By Jennifer Bradley, Staff Writer
diagnosis of any disease is scary. When a loved one finds out
itís hereditary, the unknown becomes even more concerning.
Neuropathy is a disease of one or more nerves that leads to
weakness and wasting of muscles. Most often, this affects
muscles below the knees and in hands. Hereditary neuropathy is
passed from parents to children. For some types, the genetic
defect is definable and can be addressed early on.
A neuropathy can be sensory, motor or autonomic. A person
feels through the sensory nerves and the motor nerves are
responsible for movement. Autonomic nerves are responsible
for functions a body naturally does, like breathing and heart
rate. The symptoms a loved one may experience if suffering from
hereditary neuropathy depends on which nerves are being
Hereditary neuropathy affects the peripheral nervous system
and is divided into four categories: hereditary motor and
sensory neuropathy, hereditary sensory neuropathy, hereditary
motor neuropathy, and hereditary sensory and autonomic
The most common type of hereditary neuropathy is
Charcot-Marie-Tooth Disease, or CMT. This actually encompasses
several neuropathies. CMT is also known as hereditary motor and
sensory neuropathy (HMSN) since it affects both motor and
sensory nerve function. A parent with CMT has a 50 percent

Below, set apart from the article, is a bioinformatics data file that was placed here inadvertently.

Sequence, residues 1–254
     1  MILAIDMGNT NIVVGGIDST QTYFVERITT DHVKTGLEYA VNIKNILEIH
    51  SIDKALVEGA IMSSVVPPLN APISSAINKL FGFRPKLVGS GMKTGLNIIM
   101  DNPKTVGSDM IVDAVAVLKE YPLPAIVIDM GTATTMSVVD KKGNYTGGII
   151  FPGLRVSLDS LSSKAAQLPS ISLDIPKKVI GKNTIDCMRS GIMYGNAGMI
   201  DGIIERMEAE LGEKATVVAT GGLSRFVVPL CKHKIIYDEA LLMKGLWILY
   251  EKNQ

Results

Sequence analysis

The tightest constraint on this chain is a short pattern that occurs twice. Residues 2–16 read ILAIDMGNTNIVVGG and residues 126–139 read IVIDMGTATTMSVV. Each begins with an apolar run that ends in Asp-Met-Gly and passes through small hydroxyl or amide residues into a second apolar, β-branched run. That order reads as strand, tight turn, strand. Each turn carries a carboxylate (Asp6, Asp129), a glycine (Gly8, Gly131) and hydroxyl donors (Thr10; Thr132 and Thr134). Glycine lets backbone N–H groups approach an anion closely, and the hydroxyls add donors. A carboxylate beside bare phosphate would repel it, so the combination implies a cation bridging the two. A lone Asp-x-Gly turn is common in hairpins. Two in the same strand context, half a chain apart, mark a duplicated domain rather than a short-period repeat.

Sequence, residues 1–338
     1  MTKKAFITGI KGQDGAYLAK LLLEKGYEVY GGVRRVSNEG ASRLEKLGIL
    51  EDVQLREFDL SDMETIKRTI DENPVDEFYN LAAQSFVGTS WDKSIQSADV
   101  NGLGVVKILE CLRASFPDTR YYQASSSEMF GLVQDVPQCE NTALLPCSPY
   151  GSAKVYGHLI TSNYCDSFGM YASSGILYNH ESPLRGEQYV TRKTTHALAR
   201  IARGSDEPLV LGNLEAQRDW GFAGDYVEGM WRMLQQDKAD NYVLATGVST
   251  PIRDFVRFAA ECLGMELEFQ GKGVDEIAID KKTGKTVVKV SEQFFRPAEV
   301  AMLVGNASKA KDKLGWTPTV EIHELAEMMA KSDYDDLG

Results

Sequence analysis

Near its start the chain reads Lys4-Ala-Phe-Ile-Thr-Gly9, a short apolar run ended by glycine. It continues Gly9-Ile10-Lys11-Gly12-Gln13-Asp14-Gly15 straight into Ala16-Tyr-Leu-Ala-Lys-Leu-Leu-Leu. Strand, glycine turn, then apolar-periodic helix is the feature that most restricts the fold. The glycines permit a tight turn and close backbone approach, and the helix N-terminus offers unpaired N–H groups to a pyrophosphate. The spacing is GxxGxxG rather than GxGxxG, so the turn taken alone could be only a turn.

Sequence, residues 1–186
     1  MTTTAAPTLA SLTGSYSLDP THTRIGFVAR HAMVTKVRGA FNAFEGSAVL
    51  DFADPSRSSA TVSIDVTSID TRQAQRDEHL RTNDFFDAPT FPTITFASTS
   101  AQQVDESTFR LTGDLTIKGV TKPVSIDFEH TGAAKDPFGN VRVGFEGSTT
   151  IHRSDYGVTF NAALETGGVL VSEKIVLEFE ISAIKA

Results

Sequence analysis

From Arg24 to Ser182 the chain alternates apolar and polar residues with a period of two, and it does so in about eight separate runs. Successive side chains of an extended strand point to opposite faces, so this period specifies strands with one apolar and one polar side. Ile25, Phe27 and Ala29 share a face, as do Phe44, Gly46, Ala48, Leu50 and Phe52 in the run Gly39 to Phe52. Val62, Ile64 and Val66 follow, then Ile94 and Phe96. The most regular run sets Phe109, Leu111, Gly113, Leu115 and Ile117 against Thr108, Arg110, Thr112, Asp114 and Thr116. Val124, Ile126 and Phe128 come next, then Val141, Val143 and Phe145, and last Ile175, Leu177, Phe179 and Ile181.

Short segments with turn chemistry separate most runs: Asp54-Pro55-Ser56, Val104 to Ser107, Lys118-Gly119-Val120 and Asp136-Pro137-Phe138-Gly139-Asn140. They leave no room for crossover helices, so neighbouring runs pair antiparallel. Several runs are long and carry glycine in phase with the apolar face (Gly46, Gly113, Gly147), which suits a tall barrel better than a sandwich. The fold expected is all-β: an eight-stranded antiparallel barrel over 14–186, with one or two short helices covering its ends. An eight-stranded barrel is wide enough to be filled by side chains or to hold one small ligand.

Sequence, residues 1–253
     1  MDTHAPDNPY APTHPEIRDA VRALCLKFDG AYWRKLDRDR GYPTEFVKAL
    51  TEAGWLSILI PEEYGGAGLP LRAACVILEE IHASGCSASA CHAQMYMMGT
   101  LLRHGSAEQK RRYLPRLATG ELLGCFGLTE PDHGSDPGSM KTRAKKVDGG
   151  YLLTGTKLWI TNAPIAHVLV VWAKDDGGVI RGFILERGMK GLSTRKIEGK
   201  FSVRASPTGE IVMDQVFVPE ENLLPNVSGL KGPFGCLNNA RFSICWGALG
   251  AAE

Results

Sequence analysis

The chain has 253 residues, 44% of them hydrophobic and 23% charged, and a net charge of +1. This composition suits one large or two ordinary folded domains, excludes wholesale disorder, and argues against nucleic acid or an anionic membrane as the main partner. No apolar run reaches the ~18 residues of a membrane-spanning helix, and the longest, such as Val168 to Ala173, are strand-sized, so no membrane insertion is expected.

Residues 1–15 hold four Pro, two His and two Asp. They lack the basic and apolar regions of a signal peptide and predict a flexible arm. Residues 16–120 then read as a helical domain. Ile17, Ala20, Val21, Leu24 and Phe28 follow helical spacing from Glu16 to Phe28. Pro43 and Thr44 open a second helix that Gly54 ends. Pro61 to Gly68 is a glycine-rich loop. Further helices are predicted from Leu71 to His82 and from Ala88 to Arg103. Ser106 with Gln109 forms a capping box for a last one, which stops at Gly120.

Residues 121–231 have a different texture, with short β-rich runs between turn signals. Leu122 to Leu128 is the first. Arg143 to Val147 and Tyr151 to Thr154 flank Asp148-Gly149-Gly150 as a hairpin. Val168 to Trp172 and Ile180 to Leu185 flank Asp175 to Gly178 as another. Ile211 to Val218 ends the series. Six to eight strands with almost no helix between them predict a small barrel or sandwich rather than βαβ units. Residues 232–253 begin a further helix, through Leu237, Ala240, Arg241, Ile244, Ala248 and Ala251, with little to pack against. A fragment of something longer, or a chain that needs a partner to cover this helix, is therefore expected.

chance of passing it to his or her child.
A diagnosis of CMT is usually classified as Type 1 or Type 2,
depending on which part of the peripheral nerve is compromised.
Most people with CMT suffer from Type 1, which affects the
covering of the nerve and a third of the group has Type 2, which
affects the nerve fibers. The most severe form of CMT, Type 3,
is also known as Dejerine-Sottas disease. This is when the
nerves are thickened, leading to muscle weakness.
Mayo Clinic says that 1 in 2,500 people are affected with
some form of CMT, which is caused by gene mutation affecting
brain-nerve-muscle communication. It is a slow progressing
disease that first appears in teenagers and young to middle-aged
Common symptoms include weakness or pain in the feet or lower
legs and later in hands, a foot drop (inability to lift a foot
when stepping), high foot arches and decreased calf muscle
strength. A person may experience frequent falls due to a
clumsy, awkward step.
Life expectancy does not decrease with most forms of CMT.